Scotlandville Magnet Students Going to Washington, D.C., for Chance to Present Sustainable House Engineering Projects
- September 17, 2010
For weeks now, three teams totaling 13 students and their architecture student partners from Southern University have been working on Tuesdays, Fridays and sometimes weekends to design and create a models for a sustainable “dream house.” The Scotlandville Pre-Engineering Magnet Academy students and their teachers hope all the hard work will pay off if they get to make a presentation of their entry in the American Academy of Environmental Engineers (AAEE) Sustainable Dream House Contest.
Winners present their designs and models at the U.S. Science and Engineering Festival October 23 and 24 in Washington, D.C, but Scotlandville’s students will attend whether they win the contest or not. The contest has middle and high school student categories, and it is designed to raise awareness of critical issues involving natural resources. The deadline for Scotlandville’s three entries was September 15.
Each of the three Scotlandville middle school student teams designed a residential home that a family of four could live in comfortably and take advantage of sustainable design concepts like energy efficiency, reusable natural resources, solar energy and more. The school partnered with the Southern University School or Architect and College of Engineering. Funding came in part from Southern University’s Crest grant and the advisory councils for Scotlandville middle and high schools.
“The sustainable dream house project opened windows of opportunities for the students to experience what it is like to be an engineer and an architect,” said Ingrid Cruz, project coordinator and Robotics teacher. “They researched about properties of different building materials that they need to use for the frame of the house to the foundation, insulations, walls and floors. They also collaborated with architects from Southern University to talk about the advisable house orientation in respect to the direction of sunlight, the appropriate type of trees to use at the different parts of the house and the importance of using deciduous trees in controlling the inside temperature of the house. In addition, the students learned about the proper angle in which roofs should be slanted to maximize the use of solar panels. The students applied and tested their measuring skills as they develop the floor plan and create the scale model of their house.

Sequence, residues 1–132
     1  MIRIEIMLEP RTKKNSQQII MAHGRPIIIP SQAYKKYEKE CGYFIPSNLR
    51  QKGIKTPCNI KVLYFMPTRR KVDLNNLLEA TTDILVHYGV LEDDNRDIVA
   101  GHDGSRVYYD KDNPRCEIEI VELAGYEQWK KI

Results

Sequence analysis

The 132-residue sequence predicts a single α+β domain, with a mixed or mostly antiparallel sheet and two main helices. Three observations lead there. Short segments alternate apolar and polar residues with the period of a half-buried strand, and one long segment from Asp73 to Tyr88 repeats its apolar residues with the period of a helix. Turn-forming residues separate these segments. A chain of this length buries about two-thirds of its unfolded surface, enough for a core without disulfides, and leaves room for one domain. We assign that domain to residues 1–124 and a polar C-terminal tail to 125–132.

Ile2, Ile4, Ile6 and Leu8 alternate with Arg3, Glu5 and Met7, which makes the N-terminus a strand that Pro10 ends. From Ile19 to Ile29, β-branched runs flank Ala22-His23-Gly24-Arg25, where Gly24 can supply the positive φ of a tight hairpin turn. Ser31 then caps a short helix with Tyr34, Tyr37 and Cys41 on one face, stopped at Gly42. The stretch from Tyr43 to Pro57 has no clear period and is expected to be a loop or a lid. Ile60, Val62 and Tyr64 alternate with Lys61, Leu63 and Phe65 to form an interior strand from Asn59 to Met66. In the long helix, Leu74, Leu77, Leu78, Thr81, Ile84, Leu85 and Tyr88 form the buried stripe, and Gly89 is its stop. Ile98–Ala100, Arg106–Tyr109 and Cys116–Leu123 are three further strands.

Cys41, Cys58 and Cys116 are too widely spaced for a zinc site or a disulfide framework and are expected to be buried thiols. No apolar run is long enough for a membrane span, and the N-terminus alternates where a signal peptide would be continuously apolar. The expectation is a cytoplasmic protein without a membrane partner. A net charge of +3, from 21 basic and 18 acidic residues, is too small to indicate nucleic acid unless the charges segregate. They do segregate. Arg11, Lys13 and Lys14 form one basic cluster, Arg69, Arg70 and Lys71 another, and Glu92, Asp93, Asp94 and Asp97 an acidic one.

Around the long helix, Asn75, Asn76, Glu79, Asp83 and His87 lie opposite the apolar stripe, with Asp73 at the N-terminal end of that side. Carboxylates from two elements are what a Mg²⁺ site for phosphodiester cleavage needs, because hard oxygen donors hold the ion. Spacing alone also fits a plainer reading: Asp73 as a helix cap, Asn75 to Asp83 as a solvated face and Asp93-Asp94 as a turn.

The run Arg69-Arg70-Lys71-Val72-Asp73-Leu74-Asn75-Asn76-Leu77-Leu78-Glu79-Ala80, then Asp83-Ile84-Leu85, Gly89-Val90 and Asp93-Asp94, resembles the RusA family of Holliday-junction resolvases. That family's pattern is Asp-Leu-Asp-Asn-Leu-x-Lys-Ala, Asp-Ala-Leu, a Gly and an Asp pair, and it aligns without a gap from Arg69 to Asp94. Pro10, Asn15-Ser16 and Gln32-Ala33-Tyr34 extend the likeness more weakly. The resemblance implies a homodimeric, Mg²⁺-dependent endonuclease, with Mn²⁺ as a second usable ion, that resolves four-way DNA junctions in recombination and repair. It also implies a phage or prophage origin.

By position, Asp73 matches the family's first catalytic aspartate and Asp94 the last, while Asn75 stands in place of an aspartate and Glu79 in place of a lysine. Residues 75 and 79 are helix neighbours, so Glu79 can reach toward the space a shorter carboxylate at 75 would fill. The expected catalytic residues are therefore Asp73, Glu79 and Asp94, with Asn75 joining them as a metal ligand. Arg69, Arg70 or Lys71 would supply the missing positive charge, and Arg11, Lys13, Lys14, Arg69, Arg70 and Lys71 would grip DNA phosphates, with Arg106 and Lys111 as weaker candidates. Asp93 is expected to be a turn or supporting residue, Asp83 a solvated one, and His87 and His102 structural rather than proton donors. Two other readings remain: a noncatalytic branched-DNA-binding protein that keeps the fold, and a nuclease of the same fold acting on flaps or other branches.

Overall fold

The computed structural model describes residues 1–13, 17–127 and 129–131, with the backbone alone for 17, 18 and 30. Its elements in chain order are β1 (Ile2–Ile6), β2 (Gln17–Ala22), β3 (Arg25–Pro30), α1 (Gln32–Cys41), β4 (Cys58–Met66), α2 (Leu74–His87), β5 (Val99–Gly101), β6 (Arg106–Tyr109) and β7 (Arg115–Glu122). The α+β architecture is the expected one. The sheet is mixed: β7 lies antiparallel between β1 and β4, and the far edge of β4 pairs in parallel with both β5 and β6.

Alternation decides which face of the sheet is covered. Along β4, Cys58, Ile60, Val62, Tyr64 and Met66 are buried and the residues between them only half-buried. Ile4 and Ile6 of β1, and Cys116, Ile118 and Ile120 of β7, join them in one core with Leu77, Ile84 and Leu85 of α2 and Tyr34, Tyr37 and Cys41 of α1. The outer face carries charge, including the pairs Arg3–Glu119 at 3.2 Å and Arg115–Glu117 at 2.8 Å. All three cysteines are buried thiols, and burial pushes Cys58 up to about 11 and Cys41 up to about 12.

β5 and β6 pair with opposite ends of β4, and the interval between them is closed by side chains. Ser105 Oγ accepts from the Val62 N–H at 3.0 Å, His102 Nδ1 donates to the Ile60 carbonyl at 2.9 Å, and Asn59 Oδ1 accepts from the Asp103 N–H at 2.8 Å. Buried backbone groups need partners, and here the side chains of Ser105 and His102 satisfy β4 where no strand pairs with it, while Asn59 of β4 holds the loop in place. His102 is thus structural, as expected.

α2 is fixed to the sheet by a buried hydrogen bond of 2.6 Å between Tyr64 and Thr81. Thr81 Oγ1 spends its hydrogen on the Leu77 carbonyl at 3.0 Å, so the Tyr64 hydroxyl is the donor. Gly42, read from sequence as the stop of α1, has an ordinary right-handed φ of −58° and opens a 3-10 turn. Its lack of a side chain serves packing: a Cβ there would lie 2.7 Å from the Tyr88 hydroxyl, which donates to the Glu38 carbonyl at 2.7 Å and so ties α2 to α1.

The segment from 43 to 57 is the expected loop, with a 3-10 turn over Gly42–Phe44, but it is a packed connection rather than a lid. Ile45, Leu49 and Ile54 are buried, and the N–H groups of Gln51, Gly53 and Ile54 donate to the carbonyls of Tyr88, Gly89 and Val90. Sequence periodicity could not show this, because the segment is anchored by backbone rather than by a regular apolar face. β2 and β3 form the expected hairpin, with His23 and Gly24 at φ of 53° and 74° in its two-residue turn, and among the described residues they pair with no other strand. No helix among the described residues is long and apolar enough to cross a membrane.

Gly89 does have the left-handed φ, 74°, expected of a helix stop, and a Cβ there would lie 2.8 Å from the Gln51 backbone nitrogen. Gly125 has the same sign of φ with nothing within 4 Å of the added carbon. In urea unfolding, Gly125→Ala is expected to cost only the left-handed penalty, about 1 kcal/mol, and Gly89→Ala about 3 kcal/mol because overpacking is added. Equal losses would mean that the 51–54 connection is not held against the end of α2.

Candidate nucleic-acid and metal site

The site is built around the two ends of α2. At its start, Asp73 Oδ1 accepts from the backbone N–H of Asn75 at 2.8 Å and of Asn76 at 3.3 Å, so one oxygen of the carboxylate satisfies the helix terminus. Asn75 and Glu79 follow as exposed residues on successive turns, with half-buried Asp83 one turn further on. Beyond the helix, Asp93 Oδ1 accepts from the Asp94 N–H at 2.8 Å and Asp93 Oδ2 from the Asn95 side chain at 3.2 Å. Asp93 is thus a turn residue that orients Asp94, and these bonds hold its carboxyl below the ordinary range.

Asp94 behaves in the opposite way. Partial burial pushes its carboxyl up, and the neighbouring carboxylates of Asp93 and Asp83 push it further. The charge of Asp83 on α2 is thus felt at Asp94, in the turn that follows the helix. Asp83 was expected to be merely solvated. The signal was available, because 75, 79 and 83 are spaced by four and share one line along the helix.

“There were a lot of sustainable and energy efficient features a house can have that the students came across with and they made decisions like adults in choosing which one is most appropriate to use for their home in terms of cost and benefit. Indeed, this project brought to life the possibility that any of the students can become an architect or an engineer someday.”
Kathie Johnson, the school’s lead Magnet teacher, said the partnership was a great experience for the students. “The volunteers were able to give us insight on what the industry expects and provided hands on experience that was needed to complete the sustainable dream houses,” she said. “The school is truly grateful for the financial support as well as the volunteer hours.”